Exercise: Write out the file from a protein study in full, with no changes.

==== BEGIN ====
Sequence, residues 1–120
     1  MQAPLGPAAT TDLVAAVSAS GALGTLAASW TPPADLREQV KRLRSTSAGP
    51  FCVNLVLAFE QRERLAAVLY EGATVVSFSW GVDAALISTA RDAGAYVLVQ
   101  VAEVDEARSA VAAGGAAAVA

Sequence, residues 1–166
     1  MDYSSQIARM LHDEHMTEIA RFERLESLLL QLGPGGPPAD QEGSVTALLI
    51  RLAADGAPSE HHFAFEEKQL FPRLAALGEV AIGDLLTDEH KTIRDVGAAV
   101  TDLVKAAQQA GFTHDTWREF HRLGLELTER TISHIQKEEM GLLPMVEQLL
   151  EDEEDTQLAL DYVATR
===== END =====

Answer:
Sequence, residues 1–120
     1  MQAPLGPAAT TDLVAAVSAS GALGTLAASW TPPADLREQV KRLRSTSAGP
    51  FCVNLVLAFE QRERLAAVLY EGATVVSFSW GVDAALISTA RDAGAYVLVQ
   101  VAEVDEARSA VAAGGAAAVA

Sequence, residues 1–166
     1  MDYSSQIARM LHDEHMTEIA RFERLESLLL QLGPGGPPAD QEGSVTALLI
    51  RLAADGAPSE HHFAFEEKQL FPRLAALGEV AIGDLLTDEH KTIRDVGAAV
   101  TDLVKAAQQA GFTHDTWREF HRLGLELTER TISHIQKEEM GLLPMVEQLL
   151  EDEEDTQLAL DYVATR